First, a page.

United Nations - 1st Committee of the General Assembly
About the Committee
Since its creation in 1945, the UN has always held global security as one of its principal goals. To facilitate this, the UN charter called for the formation of the First Committee of the General Assembly to deal with disarmament and international security. This seemingly broad mandate has actually allowed the committee to deal with many of the various issues, which constantly threaten the international peace and disarmament efforts. The committee has jurisdiction over a broad range of topics, including nuclear disarmament, nuclear free-zones, weapons of mass destruction, terrorism, conventional weapons, regional disarmament and development and illicit trafficking of weapons.
Topic Area A: The demilitarization of the Middle East - The situation in Yemen.
The greater area of the Middle East has been an area of conflict for over 80 years. Over time, civil wars and political disputes between states have intensified, causing trillions of dollars in losses and damages. They have destabilized the economic, political, and humanitarian reality of middle eastern states. All conflicts heavily involve advanced weaponry, that has either been produced by one of the local states or imported by allies and third countries. As our committee’s interest is disarmament and international security, it is evident why the demilitarization of the Middle East poses a challenge to today’s global peace, stability, and security.
The topic will also highlight the involvement of third and western countries; the United States’ involvement is most widely known, with military aid, and more recently with the supply of arms. The extensive use of heavy weaponry, combined with the political vulnerability, the regular coups, and the absence of peaceful and diplomatic measures should also be included in the topic, as the constant emphasis on military solutions would only further empower illegal and extensive arm use.
An example, which accurately demonstrates the consequences of a highly militarized area and will serve as a point of interest for the delegates is the middle eastern country of Yemen, which has been in a warring situation for 50 consecutive years. The civil wars have torn the country apart and as a result, not only neighboring states and terrorist organizations, but such also as the Islamic State and Al-Qaeda have increased their power in Yemen’s political and military life.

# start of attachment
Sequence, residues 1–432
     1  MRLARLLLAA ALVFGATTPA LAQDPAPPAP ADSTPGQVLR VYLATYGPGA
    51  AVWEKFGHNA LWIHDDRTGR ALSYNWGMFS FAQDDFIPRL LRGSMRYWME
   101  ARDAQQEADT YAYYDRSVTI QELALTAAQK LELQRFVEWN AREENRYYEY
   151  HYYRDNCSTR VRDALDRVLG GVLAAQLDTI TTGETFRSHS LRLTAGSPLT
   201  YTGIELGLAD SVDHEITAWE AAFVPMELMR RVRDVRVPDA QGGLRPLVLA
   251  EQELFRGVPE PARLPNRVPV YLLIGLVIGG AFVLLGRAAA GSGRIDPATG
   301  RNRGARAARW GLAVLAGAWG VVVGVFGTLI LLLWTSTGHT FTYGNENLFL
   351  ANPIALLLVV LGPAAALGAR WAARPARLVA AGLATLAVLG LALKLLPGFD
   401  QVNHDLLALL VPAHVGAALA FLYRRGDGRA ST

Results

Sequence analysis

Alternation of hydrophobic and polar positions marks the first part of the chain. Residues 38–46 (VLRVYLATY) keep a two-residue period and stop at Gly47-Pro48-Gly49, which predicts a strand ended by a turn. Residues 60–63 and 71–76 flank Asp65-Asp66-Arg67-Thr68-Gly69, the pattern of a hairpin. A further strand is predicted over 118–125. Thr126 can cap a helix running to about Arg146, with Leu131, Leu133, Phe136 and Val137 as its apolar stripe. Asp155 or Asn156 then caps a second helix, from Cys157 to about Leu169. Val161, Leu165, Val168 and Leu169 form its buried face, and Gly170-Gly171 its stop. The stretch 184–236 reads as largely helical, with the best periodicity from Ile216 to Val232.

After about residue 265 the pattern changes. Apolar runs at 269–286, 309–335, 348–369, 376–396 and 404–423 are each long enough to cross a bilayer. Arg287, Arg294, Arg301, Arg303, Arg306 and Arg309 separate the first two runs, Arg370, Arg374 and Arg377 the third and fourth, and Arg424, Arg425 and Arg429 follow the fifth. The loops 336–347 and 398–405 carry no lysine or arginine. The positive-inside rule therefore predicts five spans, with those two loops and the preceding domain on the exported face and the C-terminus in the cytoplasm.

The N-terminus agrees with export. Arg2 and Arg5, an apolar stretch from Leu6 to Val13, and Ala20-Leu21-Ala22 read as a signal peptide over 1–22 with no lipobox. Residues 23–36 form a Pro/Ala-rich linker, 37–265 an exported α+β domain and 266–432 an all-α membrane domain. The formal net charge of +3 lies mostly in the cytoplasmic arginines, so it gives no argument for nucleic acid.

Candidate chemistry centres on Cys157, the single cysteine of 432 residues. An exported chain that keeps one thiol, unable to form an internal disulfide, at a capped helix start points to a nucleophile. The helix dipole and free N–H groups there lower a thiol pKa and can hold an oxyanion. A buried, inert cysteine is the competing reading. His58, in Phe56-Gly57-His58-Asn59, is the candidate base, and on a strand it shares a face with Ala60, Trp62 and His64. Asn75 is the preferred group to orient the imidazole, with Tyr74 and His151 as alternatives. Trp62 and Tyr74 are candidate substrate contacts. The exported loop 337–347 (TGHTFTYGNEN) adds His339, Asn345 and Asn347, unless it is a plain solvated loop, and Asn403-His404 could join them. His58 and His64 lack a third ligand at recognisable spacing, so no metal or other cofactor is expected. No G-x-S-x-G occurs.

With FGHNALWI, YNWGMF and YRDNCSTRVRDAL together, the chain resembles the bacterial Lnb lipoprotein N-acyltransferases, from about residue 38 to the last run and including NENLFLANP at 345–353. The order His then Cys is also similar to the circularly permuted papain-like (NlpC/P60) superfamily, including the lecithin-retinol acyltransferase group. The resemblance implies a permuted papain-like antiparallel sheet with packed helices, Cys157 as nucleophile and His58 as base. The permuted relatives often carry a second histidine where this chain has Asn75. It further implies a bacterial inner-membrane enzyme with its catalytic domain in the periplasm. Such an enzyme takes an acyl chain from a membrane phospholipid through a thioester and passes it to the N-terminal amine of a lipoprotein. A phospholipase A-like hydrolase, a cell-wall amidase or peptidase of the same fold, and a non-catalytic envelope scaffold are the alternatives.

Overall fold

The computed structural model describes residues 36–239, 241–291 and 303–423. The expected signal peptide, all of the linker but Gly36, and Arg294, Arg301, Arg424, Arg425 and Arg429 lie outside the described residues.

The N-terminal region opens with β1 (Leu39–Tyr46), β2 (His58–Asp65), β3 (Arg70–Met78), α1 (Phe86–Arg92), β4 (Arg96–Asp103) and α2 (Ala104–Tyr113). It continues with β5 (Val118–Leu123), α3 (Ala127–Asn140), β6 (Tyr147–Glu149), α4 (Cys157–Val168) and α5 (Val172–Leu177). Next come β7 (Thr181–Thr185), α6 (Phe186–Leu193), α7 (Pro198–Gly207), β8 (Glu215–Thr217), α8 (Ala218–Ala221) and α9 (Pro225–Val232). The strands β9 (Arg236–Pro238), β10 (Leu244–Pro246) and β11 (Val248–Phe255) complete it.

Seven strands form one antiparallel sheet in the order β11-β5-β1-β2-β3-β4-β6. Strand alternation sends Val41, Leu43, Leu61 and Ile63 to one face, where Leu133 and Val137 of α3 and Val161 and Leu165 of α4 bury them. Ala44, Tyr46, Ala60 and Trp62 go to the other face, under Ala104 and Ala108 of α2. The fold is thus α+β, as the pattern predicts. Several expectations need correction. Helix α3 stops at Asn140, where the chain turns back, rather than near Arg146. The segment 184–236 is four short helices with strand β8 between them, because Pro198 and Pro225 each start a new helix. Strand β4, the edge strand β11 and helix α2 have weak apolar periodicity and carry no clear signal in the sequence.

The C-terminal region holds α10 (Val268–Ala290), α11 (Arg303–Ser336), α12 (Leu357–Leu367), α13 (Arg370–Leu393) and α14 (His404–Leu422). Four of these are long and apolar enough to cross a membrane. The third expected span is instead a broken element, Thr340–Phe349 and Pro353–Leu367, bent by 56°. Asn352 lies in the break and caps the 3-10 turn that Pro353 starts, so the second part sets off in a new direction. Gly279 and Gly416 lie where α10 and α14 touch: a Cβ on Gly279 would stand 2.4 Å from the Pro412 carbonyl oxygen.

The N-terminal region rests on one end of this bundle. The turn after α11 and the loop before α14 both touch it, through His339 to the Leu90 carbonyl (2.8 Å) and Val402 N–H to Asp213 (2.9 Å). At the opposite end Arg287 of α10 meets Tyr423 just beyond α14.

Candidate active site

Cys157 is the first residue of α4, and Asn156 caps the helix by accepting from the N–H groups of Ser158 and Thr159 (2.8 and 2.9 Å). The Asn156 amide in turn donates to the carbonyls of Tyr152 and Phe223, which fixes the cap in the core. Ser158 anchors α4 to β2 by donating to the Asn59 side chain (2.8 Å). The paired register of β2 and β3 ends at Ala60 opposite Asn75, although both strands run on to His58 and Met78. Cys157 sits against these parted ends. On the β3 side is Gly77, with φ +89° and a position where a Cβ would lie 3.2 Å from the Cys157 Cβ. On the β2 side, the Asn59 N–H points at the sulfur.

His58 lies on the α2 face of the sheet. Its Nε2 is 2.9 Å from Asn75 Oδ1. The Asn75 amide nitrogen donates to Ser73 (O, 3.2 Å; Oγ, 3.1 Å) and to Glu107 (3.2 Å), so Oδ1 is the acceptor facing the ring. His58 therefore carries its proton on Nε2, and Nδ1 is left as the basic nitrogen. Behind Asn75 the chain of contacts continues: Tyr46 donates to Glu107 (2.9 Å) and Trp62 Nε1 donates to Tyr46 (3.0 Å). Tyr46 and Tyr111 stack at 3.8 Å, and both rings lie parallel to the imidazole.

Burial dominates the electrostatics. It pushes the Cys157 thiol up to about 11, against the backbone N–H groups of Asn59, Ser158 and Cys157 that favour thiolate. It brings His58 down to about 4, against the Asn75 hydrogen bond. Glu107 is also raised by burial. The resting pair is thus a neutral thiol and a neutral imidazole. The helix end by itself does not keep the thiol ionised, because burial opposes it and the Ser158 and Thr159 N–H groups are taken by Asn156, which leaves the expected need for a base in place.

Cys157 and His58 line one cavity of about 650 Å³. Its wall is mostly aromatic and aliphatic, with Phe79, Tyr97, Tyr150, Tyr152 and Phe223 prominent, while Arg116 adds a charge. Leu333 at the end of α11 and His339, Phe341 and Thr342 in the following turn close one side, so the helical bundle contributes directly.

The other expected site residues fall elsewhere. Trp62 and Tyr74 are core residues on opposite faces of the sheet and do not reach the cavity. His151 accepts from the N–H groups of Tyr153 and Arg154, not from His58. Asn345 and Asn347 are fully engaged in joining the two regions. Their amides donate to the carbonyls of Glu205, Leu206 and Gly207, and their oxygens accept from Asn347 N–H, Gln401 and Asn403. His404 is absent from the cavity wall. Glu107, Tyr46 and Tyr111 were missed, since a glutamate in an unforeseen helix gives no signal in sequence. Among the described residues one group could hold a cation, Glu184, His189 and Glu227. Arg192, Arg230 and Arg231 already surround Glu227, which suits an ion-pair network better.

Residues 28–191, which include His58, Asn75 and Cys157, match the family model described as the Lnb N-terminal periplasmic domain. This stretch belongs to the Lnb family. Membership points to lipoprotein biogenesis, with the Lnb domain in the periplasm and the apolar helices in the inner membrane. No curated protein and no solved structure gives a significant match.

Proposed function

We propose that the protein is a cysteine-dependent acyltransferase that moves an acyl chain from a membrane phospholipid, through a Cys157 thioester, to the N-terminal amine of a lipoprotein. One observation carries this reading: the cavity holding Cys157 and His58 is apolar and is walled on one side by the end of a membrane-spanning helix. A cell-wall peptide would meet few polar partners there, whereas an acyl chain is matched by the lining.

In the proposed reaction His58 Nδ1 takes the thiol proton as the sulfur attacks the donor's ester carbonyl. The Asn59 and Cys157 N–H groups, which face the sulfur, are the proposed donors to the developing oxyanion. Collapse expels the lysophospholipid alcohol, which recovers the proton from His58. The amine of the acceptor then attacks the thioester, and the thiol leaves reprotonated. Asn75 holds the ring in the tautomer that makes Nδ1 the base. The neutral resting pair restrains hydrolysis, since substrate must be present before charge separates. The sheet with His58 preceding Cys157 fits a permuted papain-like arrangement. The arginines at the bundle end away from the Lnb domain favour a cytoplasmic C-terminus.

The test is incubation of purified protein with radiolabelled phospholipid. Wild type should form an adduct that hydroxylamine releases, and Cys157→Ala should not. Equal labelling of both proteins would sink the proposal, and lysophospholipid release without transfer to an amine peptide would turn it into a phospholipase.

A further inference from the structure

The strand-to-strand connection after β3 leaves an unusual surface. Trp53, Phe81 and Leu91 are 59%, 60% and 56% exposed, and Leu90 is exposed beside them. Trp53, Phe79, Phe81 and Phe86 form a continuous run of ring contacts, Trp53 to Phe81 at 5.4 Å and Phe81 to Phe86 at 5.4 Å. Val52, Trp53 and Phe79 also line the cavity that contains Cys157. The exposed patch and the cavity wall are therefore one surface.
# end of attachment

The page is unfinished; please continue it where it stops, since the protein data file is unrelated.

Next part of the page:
Topic Area B: The role of nuclear weapons after the Russo-Ukrainian war.
As always, the agenda of the international organizations and their committees deriving from the current situations happening in the international community, would be a failure to say at least, if the 1st Committee of the UN GA (DISEC) didn’t propose the topic of the changing role and status of nuclear weapons after the Russian invasion of Ukraine. Bearing in mind that Russia and Ukraine are two of the few countries in the world that have nuclear weapons in their arsenal, this matter would be of significant importance for the debate of this committee.
The topic will start with commenting on some basic definitions (e.g., ‘nuclear energy, ‘nuclear weapon’ etc ) and briefly discuss the effects of a nuclear attack. Then the session should mainly revolve around the legal framework regarding a future prohibition of nuclear weapons. More specifically, the committee work should focus on the Treaty on the Prohibition of nuclear weapons, which has only been signed by 91 states, while none of the 9 nuclear-armed states (USA, France, PRC, UK, Pakistan, India, Israel, DPRK, Russian Federation) have shown any interest in signing and ratifying. It is also important to highlight that 26 more countries also "endorse" the possession and use of nuclear weapons by allowing the potential use of nuclear weapons on their behalf as part of defense alliances, including the North Atlantic Treaty Organization (NATO) and the Collective Security Treaty Organization (CSTO).’
Finally, the topic will address not only the current affection of the global market of nuclear weapons but also the possible ways of dealing with disarmament at some level in those countries and the prevention of possible future attacks.